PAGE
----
Wits Yacht Club (WYC)
For the intrepid, fun-loving adventure seekers out there - this is the club for you!
We’re a welcoming club that introduces Witsies into the amazing sport that is sailing! We'll train you to master the ins and outs of sailing, as well as push our more experienced sailors to new levels.
We participate in various different programs ranging from recreational sailing, to high-performance racing, on a whole range of boat sizes and difficulties. These events include racing leagues, ocean races, races in Durban and Cape Town during our July and December holidays and for our more experienced sailors – provincial and national championships.
We are currently working on getting our members to a level where we will be able to sail the monumental Cape to Rio yacht race in 2020 (an ocean crossing from Cape Town to Rio de Janeiro). But for those of you with less inclined to the hardcore sailing side of things – the club also offers a chilled friendly atmosphere with trips away to the Vaal dam to escape the hectic varsity grind.
To keep up with our social side of the club we have monthly fundraising parties which have gained quite a reputation. Watch our Facebook and Instagram pages for details of these events.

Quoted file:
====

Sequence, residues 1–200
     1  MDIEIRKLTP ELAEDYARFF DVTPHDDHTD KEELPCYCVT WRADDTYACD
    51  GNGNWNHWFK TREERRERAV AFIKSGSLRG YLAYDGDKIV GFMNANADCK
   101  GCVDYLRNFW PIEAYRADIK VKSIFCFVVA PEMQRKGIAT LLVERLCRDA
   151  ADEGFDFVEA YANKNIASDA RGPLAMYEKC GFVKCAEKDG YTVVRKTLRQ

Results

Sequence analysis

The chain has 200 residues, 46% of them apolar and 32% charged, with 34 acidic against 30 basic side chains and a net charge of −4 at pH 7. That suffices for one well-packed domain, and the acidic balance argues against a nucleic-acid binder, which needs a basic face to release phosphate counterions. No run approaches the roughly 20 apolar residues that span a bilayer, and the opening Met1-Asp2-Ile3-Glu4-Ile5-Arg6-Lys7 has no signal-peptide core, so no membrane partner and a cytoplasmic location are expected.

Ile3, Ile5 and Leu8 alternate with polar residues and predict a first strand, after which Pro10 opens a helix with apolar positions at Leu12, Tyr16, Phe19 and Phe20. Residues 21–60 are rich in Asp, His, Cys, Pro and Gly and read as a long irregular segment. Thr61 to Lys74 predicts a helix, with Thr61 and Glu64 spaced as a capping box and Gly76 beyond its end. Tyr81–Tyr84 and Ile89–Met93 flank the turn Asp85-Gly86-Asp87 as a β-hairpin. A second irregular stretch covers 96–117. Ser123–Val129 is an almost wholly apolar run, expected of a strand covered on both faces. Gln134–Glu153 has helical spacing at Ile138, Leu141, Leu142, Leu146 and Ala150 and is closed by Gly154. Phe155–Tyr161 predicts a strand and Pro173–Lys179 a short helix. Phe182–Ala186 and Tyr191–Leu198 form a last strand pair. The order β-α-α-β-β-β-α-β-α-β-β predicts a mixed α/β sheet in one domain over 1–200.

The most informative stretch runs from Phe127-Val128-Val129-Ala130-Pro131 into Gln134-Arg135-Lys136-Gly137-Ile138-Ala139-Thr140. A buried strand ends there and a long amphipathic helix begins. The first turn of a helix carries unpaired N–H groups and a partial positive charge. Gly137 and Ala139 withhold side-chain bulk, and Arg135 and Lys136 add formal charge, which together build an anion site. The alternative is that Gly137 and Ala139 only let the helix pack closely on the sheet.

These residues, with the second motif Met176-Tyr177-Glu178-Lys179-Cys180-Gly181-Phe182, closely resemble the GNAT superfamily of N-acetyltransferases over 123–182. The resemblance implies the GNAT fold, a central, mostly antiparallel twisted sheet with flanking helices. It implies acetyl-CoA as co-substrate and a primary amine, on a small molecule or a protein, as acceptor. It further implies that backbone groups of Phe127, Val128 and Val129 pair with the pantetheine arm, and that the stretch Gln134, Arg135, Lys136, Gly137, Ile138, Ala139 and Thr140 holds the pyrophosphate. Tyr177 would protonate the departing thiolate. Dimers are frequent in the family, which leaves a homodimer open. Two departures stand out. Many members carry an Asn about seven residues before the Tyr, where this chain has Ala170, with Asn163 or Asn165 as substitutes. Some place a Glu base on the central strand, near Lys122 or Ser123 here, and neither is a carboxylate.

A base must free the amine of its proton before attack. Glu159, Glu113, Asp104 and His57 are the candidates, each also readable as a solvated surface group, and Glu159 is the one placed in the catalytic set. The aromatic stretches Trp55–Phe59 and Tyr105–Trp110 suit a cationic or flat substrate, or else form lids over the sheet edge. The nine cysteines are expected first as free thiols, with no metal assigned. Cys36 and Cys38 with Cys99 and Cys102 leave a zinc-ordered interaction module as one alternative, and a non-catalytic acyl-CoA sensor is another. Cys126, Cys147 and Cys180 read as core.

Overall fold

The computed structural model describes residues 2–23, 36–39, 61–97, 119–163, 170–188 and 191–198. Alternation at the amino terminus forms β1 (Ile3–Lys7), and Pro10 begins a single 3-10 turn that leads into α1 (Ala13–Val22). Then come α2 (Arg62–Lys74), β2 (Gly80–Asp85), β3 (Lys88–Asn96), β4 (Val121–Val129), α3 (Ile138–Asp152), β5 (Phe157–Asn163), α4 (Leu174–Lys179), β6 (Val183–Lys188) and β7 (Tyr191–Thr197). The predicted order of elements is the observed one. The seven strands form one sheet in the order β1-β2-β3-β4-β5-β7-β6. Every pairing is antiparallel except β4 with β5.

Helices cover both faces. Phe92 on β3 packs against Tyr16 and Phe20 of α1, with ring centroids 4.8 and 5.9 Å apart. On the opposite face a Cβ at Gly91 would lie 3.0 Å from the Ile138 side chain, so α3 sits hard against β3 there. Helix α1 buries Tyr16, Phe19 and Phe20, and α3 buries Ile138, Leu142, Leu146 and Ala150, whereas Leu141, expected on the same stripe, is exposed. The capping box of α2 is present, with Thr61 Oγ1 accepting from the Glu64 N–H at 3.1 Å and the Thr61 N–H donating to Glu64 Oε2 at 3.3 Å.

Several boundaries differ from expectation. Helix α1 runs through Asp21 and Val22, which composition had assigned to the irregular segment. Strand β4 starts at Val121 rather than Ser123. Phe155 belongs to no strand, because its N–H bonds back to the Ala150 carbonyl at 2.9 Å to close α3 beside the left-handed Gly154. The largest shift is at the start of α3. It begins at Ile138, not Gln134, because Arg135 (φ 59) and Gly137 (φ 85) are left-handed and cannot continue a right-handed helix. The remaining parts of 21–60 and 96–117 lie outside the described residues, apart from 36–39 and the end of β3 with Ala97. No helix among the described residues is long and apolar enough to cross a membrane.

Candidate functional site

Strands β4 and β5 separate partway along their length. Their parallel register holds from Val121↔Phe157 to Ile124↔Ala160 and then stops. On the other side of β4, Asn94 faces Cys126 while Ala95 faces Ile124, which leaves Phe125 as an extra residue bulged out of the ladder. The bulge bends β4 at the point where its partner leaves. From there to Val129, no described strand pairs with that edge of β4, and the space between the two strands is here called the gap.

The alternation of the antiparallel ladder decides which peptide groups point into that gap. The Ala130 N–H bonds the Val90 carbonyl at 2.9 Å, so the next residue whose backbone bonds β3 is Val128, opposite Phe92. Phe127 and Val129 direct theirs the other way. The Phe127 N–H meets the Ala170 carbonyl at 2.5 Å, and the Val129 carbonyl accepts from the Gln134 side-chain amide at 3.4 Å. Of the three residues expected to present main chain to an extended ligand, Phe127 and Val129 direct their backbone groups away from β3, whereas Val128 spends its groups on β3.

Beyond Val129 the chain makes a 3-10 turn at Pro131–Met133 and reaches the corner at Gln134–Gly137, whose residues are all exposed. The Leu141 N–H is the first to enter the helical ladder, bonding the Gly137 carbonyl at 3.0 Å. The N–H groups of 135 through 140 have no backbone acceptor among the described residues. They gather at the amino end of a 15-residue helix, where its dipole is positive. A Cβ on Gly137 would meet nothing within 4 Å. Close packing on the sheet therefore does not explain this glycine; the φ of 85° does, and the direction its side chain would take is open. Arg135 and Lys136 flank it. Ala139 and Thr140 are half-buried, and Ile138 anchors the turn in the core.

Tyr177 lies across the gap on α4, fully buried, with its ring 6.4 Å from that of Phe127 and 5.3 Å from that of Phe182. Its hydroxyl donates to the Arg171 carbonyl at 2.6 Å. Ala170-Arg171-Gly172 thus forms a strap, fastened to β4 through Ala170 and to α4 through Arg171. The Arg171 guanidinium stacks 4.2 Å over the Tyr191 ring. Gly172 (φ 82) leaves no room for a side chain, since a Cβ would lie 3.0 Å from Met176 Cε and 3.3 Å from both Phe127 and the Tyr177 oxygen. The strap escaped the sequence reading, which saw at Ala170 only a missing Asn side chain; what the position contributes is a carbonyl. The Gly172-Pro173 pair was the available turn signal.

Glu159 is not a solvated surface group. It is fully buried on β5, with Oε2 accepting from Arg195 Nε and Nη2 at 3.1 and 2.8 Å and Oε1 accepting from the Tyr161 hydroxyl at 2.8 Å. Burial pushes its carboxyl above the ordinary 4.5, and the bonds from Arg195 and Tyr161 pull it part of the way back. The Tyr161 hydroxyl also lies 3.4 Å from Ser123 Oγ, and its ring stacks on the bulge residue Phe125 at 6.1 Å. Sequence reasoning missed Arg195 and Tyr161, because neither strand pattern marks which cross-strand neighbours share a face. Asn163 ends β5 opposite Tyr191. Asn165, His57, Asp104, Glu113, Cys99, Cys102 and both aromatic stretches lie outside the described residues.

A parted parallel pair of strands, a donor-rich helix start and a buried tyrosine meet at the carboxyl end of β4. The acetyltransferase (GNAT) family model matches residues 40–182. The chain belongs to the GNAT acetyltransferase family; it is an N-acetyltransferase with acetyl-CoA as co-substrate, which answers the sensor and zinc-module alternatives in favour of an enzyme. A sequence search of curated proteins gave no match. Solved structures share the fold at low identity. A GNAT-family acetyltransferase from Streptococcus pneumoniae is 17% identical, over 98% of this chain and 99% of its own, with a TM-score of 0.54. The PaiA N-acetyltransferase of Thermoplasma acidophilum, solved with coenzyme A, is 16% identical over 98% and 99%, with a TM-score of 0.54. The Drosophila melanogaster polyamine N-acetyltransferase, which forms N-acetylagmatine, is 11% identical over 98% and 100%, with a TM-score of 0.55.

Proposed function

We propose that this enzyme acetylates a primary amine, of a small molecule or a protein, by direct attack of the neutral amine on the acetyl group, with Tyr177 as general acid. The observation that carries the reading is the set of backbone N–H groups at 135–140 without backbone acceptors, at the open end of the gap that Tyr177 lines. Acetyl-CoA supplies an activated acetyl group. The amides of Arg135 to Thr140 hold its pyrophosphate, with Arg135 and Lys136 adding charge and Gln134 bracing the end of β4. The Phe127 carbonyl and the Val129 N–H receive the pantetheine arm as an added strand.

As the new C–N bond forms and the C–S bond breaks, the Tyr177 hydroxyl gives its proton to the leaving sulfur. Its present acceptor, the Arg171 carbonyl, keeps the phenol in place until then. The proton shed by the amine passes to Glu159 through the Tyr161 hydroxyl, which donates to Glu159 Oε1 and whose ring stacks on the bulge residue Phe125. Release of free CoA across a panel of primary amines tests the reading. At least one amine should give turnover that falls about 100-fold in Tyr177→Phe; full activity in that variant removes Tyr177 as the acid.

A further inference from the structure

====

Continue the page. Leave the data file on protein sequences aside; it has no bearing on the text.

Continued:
Don’t know how to sail? We’ll teach you! You can join in at any time.
Why not tag along- and try something completely out of the ordinary. We promise you won't look back.
What we offer
Weekends away, Learn to sail course, Skipper’s ticket theory course, knot tying course, how to rig a boat course and an introduction to racing course. We also compete in racing leagues, ocean races, races in Durban and Cape Town during our July and December holidays and for our more experienced sailors – provincials and national championships.
JM Busha 54 sailing team conquers more than 7000km to Rio
Wits’ JM Busha 54 sailing team took to the open waters for the year’s Cape2Rio Yacht Race which began on 4 January from the Port of Cape Town.
Yachters embarked on a monstrous 4053.9 nautical miles trek – that is a 7 507.8km journey which ended at the seaside city of Rio in Brazil on 28 January, 23 days and 16 hours since the team completed the first kilometre. JM Busha 54 finished in third position behind the Love Water and Maserati Multi 70 yacht teams, winning the class one handicap and class one line honours.
The team also got the prize for the First Youth, with the German entry Haspa Hamburg, coming in fourth in the overall finishing. Describing the race, yacht co-skipper on the JM Busha-branded Ciao Bella, Ryan Robinson summed up the whole experience as “absolutely amazing” and as “the adventure of a lifetime”. Alongside him was his sister and co-skipper Michaela Robinson, while Wits Yacht Club members Tawanda Chikasha, Emma Clark, Jonathan Ham and Hearn Johnson completed the crew.